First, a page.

This much-lauded biography is exceptionally well-written, but in the end it isn't really a biography. As Schiff takes care to note, we know almost nothing about Cleopatra. History has left us none of her extant writing or speaking, many statues that are assumed to be Cleopatra cannot be said with certainty to be her, and everything written about her shortly after her death or even during her life is by propogandists from the other side. Cleopatra's life must be figured from the holes and shadows, pried away from hyperbole and melodrama. Aside from some few coins minted by her and bearing her likeness, we know for sure almost nothing about her.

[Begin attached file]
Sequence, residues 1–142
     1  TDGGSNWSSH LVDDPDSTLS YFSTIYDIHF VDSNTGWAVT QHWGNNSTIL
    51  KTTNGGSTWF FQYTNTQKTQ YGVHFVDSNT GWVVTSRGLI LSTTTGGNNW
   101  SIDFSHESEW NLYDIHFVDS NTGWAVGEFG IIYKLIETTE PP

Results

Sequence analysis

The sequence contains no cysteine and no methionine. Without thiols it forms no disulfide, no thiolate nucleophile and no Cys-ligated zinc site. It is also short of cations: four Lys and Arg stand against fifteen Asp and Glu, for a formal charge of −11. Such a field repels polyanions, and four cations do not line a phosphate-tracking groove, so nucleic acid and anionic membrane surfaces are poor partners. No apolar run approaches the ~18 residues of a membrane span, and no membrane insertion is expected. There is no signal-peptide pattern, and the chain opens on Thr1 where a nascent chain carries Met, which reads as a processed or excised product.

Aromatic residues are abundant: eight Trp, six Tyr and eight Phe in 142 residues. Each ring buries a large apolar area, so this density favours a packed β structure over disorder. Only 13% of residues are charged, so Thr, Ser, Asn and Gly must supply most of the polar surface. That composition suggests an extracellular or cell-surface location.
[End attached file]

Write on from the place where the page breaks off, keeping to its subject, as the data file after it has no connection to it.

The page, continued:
So Schiff does her best, and instead of a true biography of a person, we have a biography of her time and the people who surrounded her. Schiff uses what we know of Egypt, Rome, and the Ptolemaic dynasty to make well-educated best guesses, and does a great job doing so. Given this, there is much more to be learned about Ceasar, Antony, and Octavian (Augustus) than there is about Cleopatra, and there are a few sections which don't even mention her for several pages. Perhaps I'm being snobbish, since I was educated in history and am already familiar with the story of Octavian and Antony, but I found those sections to be boring. I understand why Schiff included them, but they could have been shortened. I was always waiting expectantly to return to Cleopatra, which didn't happen often enough. That being said, the book is an excellent effort, very well-written and researched and very engaging to read. Schiff has presented us more with historiography than history, the development and aggrandizement of an archetype that has persisted already more than two thousand years, and that in and of itself is an interesting topic. Perhaps one day we will learn more about Cleopatra, if Alexandria ever emerges from the sand, but for now, Schiff's biography does her a great justice.